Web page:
Many men who are facing "male factor infertility" because their sperm's size and shape is not of a high enough quality to fertilize a woman's egg and help her become pregnant turn to lifestyle changes like losing weight or quitting smoking or drinking alcohol. But a new study published in the journal Human Reproduction has found that those lifestyle adjustments--while a good idea for men who want to be healthier and lower their risk of other health conditions--aren't likely to help solve their sperm quality issues.
The researchers found that men were about twice as likely to have abnormal sperm if the sample was collected during the summer. They were also more likely to have abnormal sperm if they were young and smoked marijuana.
Although most other medical and lifestyle factors, such as cigarette smoking and alcohol consumption, didn't seem to be linked to sperm morphology, Smith said he still would advise his patients to be as healthy as possible.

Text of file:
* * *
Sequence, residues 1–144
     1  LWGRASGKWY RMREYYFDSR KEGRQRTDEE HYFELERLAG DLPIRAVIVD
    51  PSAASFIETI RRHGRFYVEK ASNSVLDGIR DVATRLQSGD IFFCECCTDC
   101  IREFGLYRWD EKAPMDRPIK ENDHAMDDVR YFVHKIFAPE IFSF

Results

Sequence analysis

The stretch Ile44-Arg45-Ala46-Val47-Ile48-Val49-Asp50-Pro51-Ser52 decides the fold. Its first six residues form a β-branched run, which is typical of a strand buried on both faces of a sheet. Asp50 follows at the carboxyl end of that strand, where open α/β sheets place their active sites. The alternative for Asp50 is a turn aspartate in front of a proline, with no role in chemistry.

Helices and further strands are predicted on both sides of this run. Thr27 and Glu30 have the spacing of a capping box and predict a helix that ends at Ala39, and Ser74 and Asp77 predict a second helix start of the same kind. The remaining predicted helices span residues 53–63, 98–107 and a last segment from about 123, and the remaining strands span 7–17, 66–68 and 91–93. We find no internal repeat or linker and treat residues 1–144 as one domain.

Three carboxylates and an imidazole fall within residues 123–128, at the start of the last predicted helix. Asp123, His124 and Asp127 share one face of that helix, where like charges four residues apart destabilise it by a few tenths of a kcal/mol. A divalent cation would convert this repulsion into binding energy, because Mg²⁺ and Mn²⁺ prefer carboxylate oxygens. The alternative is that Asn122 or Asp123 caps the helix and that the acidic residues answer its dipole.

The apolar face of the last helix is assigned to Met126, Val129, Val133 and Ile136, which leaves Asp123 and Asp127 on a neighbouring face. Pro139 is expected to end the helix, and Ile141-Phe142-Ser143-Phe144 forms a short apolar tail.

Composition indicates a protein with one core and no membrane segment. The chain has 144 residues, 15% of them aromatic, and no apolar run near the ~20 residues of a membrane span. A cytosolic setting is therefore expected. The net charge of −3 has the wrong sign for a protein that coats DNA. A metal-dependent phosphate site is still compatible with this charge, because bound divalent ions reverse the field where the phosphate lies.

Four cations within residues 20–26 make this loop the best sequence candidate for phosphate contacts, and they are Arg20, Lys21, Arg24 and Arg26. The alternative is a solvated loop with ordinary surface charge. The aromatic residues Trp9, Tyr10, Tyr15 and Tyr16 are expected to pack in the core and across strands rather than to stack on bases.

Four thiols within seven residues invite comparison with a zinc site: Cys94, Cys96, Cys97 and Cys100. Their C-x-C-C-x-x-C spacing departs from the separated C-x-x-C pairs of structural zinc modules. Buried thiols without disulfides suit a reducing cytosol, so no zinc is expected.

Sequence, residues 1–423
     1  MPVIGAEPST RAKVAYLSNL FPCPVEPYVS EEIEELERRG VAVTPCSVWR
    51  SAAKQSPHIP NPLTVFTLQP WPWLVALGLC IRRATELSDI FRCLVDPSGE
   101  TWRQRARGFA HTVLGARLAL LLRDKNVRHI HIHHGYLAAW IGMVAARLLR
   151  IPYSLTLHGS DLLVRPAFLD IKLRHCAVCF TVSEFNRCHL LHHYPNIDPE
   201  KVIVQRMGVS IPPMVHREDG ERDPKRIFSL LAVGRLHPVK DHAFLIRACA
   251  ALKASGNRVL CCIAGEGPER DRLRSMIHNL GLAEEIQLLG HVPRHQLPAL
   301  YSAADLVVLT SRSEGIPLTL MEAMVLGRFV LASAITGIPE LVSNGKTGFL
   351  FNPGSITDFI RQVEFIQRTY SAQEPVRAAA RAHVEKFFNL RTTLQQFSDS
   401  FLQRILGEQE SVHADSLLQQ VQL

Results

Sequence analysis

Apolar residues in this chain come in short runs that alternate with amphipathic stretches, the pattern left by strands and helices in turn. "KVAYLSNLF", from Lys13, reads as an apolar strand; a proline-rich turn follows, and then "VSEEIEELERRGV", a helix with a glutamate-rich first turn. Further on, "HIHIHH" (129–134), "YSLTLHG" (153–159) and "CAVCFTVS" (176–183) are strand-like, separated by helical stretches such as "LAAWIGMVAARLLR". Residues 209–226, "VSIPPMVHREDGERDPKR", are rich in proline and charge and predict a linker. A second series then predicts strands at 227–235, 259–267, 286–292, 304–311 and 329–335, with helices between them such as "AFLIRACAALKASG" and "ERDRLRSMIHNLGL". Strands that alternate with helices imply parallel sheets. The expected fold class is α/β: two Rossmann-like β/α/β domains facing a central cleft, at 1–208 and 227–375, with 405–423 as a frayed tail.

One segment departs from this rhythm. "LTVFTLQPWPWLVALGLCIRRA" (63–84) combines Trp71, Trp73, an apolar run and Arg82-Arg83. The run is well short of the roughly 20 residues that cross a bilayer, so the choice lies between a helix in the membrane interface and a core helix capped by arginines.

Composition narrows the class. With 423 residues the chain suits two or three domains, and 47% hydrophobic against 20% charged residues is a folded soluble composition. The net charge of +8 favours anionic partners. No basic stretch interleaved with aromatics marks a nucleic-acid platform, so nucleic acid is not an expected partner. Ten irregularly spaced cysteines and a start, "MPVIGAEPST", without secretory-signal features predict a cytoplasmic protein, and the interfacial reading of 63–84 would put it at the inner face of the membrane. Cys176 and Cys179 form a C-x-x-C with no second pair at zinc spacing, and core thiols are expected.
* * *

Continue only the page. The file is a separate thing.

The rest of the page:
"Marijuana is certainly a potential worrisome risk factor for hurting sperm quality," he said. "I'd tell my patients to stop smoking marijuana. I wouldn't say to my patient to go out and do whatever you want because it won't make a difference. To me, that would be overstating those results."
The researchers also caution that the men included in the study may not be representative of all couples with fertility problems.
Smith said a better study would be to focus on whether the couples went on to conceive a child.
Image: Man eating a salad, via Shutterstock